The United Nations, a floating city design company called Oceanix and the South Korean metropolis of Busan have just shown the prototype of a self-sufficient floating version of the main maritime center.
The floating cities (we talk about it Also here) could be a way to address the consequences of climate change-induced sea level rise. "Sea level rise is a serious risk for some islands and coastal areas," according to summary comments from policy makers in the most recent IPCC report of the United Nations. In addition, sea level rise seriously threatens all transport infrastructures, according to the study.
The sea rises, the risk as well: Busan runs for cover
According to Climate.Gov, a climate change science and information portal run by the National Oceanic and Atmospheric Administration, the global mean sea level has risen by more than 9 inches (20 centimeters) since 1880. One third of this increase has occurred in the past 25 years. and other predictions they say that by 2050 the increase will be another 12 inches (30 centimeters).
Busan, the third largest city in South Korea with 3,4 million people, is a major port and commercial center. To adapt to rising sea levels, Busan has joined forces with the United Nations and Oceanix to create a prototype floating metropolis in response.
Think of it as a scaled-down model to test the effectiveness of the solutions. The “mini Busan” covers 6 hectares (15,5 acres) of connected platforms. Each module of the city will be destined to experiment with a specific purpose: social spaces, research structures, housing. The bridges connect one platform to another in a "block" that will initially house 12.000 people, with the possibility of expanding to accommodate 100.000.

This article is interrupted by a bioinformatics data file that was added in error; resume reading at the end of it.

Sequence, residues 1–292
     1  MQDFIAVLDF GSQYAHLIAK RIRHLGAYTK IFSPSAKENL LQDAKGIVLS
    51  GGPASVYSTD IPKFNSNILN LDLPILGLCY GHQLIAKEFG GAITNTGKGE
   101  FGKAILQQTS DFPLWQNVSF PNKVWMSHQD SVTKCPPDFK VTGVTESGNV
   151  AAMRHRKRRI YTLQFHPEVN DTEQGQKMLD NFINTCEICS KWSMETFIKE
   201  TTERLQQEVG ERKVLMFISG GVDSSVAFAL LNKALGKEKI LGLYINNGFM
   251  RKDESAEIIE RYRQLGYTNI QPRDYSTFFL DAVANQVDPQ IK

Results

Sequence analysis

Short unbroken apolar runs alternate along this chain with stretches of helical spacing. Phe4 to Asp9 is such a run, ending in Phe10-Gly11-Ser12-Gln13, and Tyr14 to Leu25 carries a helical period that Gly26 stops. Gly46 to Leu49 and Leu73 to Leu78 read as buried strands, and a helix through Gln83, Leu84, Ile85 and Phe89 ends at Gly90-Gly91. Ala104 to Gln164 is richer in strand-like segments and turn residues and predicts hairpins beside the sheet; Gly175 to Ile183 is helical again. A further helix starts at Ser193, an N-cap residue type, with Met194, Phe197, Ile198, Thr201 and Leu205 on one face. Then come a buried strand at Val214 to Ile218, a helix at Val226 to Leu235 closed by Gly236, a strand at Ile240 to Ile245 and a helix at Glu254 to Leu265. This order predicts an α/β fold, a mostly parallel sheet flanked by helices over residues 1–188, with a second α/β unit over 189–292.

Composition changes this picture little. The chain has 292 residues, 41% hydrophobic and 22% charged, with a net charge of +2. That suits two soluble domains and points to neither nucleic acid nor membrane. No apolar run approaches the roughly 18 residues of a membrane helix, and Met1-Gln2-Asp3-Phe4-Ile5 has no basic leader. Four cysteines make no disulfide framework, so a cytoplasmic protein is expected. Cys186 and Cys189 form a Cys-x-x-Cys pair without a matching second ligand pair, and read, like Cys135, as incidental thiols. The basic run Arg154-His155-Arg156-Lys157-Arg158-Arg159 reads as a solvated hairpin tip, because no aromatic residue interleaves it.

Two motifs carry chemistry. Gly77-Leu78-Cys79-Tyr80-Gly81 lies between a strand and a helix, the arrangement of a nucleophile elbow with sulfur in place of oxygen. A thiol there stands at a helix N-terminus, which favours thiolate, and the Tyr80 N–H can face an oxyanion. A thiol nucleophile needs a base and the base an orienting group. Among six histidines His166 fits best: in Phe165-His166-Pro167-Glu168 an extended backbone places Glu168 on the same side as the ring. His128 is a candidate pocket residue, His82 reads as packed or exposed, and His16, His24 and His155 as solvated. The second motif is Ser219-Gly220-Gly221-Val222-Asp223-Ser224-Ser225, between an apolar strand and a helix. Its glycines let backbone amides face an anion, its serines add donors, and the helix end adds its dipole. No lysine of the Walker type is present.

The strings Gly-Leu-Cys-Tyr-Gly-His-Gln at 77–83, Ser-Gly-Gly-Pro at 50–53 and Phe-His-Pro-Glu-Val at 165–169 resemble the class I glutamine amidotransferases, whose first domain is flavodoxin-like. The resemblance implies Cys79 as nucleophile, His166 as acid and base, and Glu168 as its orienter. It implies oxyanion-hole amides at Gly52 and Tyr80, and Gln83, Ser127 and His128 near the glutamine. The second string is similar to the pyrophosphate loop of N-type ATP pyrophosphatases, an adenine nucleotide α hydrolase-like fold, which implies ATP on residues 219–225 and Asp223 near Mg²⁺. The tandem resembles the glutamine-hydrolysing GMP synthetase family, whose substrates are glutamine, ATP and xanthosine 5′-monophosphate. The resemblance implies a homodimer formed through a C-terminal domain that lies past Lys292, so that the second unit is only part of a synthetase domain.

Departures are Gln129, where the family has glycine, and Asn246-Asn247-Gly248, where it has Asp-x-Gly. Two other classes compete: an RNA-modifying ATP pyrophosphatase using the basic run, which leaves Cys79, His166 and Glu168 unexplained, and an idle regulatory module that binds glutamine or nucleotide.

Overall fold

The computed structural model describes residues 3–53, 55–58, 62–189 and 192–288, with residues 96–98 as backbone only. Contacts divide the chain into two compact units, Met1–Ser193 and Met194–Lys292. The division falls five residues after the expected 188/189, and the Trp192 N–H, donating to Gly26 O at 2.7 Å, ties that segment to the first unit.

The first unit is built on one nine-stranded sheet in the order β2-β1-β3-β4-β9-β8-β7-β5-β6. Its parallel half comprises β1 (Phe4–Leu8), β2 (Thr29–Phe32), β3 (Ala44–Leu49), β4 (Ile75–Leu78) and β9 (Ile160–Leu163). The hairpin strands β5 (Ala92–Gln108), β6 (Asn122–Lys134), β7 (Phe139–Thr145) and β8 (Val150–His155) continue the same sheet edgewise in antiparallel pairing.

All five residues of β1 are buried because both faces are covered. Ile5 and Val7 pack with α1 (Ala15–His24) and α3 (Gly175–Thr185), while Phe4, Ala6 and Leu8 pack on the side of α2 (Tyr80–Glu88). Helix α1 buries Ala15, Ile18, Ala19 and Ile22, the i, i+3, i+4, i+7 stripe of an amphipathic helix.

A floating (and sustainable) future?
On a purely technical level, the Busan solution will also aim to test the most sustainable energy solutions to be applied to a floating city. Among others, the water used will be totally treated and recycled, and the solar plants with storage systems will aim to cover all the energy needs.
The presentation of the Busan prototype follows a project launched by the UN last year to study floating cities as adaptation to climate change.
"We live in an age where we cannot continue building cities the way New York or Nairobi were built," United Nations Deputy Secretary General Amina Mohammed said at the time .
We need to build cities knowing they will be at the forefront of climate-related risks, from rising sea levels to storms. Floating cities can be part of our new arsenal of tools.
The world is preparing to stay afloat.